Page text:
This is the blog for the United States' national forecast. These summaries are by Weather Underground forecasters and are updated twice each day.
By: nationalsummary , 10:14 AM GMT on April 10, 2014
Weather Underground midday recap for Thursday, April 10, 2014
A cold frontal boundary extended from the southern Plains to the Great Lakes on Thursday, while a ridge of high pressure continued to build over the eastern Pacific.
A line of showers and thunderstorms began to develop across the central third of the country as a cold frontal boundary stretched from Oklahoma to Michigan. Flood advisories were issued across the Mississippi Valley, the Ohio Valley and the upper Midwest on Thursday as the heaviest rain moved across Michigan. Meanwhile, this cold front brought cooler temperatures to the upper Intermountain West and the northern Plains, as temperatures dropped 5 to 10 degrees behind the frontal boundary. The southern Plains and the Gulf Coast experienced very warm conditions due to a ridge of high pressure over the Gulf of Mexico. Breckenridge, Texas, recorded a midday high of 91 degrees, while Vernon, Texas, recorded a midday high of 90 degrees. The eastern third of the country stayed mostly clear of precipitation on Thursday.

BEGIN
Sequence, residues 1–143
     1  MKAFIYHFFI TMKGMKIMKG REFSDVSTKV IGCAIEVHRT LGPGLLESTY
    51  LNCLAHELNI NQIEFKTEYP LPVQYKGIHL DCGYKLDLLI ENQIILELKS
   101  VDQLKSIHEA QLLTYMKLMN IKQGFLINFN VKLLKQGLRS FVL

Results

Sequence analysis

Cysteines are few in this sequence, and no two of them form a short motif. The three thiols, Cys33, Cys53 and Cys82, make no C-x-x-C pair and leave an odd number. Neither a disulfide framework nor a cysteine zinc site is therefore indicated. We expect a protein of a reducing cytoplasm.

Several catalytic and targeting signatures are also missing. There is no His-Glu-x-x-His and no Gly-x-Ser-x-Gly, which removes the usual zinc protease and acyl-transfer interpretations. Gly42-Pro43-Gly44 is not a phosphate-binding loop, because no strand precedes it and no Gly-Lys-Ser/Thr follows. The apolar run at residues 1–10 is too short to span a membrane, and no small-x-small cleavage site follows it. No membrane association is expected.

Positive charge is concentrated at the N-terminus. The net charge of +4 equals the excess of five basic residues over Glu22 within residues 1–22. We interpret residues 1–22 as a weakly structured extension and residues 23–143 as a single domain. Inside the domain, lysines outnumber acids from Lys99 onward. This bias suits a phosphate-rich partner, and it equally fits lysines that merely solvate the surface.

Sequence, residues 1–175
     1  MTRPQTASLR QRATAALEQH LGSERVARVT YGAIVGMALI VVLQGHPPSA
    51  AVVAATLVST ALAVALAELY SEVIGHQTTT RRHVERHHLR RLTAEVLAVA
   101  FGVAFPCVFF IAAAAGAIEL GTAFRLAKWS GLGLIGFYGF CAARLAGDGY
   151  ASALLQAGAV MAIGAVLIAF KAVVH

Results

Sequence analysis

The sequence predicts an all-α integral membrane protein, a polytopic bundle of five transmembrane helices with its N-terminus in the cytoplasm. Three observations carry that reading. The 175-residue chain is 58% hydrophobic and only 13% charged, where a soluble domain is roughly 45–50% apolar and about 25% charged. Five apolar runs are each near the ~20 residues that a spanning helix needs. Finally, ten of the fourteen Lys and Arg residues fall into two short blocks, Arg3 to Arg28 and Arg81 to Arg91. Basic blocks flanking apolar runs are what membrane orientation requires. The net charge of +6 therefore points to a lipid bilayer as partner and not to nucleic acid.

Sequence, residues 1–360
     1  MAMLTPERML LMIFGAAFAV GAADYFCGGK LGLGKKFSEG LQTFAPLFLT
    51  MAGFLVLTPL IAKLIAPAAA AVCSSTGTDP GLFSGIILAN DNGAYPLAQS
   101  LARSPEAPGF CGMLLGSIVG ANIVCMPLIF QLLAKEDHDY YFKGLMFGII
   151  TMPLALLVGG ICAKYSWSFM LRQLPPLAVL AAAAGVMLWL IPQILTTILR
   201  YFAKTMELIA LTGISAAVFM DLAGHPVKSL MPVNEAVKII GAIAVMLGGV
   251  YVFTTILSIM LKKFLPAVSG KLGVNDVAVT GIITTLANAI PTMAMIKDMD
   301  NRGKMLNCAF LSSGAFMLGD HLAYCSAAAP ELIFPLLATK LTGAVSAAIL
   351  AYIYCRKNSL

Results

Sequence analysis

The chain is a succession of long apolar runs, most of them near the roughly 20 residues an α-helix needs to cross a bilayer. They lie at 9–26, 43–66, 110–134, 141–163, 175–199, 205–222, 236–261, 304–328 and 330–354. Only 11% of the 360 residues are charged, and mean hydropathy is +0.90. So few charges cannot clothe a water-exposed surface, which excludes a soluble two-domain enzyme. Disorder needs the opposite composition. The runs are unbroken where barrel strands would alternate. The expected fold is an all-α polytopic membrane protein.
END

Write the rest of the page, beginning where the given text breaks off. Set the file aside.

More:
A weak low pressure system shifted eastward over the Great Basin and the central Rockies, which produced gusty winds across Colorado. Monarch Pass, Colo., recorded wind speeds of 54 mph, while Buena Vista, Colo., recorded wind speeds of 45 mph.
The West Coast remained very dry on Thursday due to a high pressure system over the eastern Pacific. Temperatures ranged between the 80s and 90s across the Desert Southwest, as Palm Springs, Calif., recorded a midday high of 91 degrees.
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